Travel in 2022 - Is it time to plan those big trips abroad?

By Travel Writer Greg Lacurci:

Iceland has been a focal point of my wanderlust for the better part of two years. The country is a dreamscape of natural beauty: the black sands of Reynisfjara, towering icebergs of the Jökulsárlón glacier lagoon and the steep, jagged peaks of Vestrahorn.

I was forced to shelve a meticulously planned trip there, like so many other globetrotters who set aside excursions during the Covid pandemic. Since then, I’ve wondered: When will an adventure overseas be feasible again? Perhaps soon.

The 2022 outlook for travel abroad is rosier than ever, especially for North Americans booking trips in the summer or later, according to travel experts. But they should expect to do more advance planning and remain flexible. “Since March 2020, there hasn’t been a time as promising as it is now,” Sebastian Modak, editor-at-large of Lonely Planet and the New York Times 52 Places Traveler in 2019, said of travel overseas. “It really comes down to the traveler’s own threshold for risk and comfort for things maybe going a little bit awry”.


A large share —about 37% — of travelers are planning both international and domestic trips, according to an upcoming Expedia report on 2022 travel trends. After almost two years of pent-up wanderlust, more than two-thirds of travelers plan to “go big” on their next getaway — whether that be taking a once-in-a-lifetime trip abroad or upgrading to a luxury hotel, according to the report.

Though domestic-only travel plans remain most popular, interest in overseas destinations is climbing. G Adventures, which offers guided group trips around the world, has seen overseas bookings jump nearly 35% so far in November versus the same period in 2019. The company is seeing big demand for trips to Peru, Costa Rica and Morocco, according to Benjamin Perlo, the company’s managing director.

Flight searches to major European cities have also grown significantly in a short time span — by 65% from Los Angeles to London and 110% from New York to Paris, for example, between September and October, according to Expedia data.

Warm-weather hotspots like the Riviera Maya, Cancun, Isla Mujeres and Punta Cana have been most popular overall for North American tourists traveling in early 2022, according to Expedia. “I think 2022 will be the year of going big and having some of those bucket-list moments,” Christie Hudson, a travel expert at Expedia, said.


There are many reasons for consumer optimism. For one, Covid vaccination rates are climbing, meaning we can travel with a relative degree of safety. Further, travel restrictions are easing. 

“I’ve been in tourism research for almost two decades, and [the desire to travel] seems incredibly strong right now — the strongest I feel like I’ve ever seen,” said Erin Francis-Cummings, president and CEO of Destination Analysts. “I think that’s a great tailwind going into 2022 for all types of travel,” she added. “People seem more open to new experiences or going back to international travel.”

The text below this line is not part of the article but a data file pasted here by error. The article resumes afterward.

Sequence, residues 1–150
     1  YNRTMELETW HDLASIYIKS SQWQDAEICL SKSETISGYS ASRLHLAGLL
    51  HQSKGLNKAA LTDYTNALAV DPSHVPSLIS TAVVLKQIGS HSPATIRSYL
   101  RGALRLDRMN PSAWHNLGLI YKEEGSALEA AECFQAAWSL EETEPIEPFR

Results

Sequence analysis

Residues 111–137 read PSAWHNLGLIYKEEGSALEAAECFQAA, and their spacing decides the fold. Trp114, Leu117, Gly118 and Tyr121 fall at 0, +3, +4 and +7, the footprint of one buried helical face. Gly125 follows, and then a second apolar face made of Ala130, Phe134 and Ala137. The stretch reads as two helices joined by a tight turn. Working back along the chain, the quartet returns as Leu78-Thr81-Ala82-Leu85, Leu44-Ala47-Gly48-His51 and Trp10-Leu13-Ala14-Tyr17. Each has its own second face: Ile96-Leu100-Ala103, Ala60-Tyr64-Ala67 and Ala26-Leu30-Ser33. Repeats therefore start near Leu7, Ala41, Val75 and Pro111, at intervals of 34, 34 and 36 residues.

“Like many of you, we’re still jonesing for international travel,” Fodor’s wrote. “And traveling abroad may still be in the cards for the intrepid. “If you can travel there safely and responsibly, do it — go anywhere in the world,” it added.


Travelers should take certain precautions, largely in the interest of safeguarding against financial losses. Experts recommend travel insurance, which refunds trip costs in the event of a trip cancellation or other unforeseen circumstance.

There are different types of policies, however. A “cancel for any reason” policy is generally the only one that lets travelers recoup funds if they cancel a trip for a Covid-related reason, experts said. (Most basic policies don’t cover that eventuality.)

Even “cancel for any reason” options may not offer a full refund, though, and insurers may require travelers to cancel a day or two ahead of one’s trip. It’s important to understand a policy’s specific conditions before buying.

Travelers should also weigh airfare and hotel options that allow for refunds, travel credits or changes, even if those options cost a little more, experts said. “I think you can feel comfortable booking that October trip to Egypt if you have the insurance in place and maybe booked a flexible flight with airlines,” Modak said. “Make sure you have the contingency where if things get tough in Egypt, you can book the flight for May 2023 without suffering any financial cost.”

Many companies have retained extra flexibility relative to their pre-pandemic policies.

It’s also important to have a “just in case” budget, Modak said. For example, if a traveler gets Covid abroad and must quarantine before returning to the U.S., how much money might they need to cover an extra week or two of costs?

Importantly, travelers should approach a trip abroad with personal flexibility and empathy. Recognize that certain activities may be limited or unavailable. A city with legendary nightlife may be tamer than expected if bars and restaurants close earlier than expected during the Covid era, for example. Travelers may need to pivot, and should do ample research on a destination ahead of time.

Further, not all countries or their citizens have had equal access to vaccines, making the respect of mask mandates and other local rules of utmost importance.

It’s still a strange time to travel. Bring a level of patience and grace to the travel experience.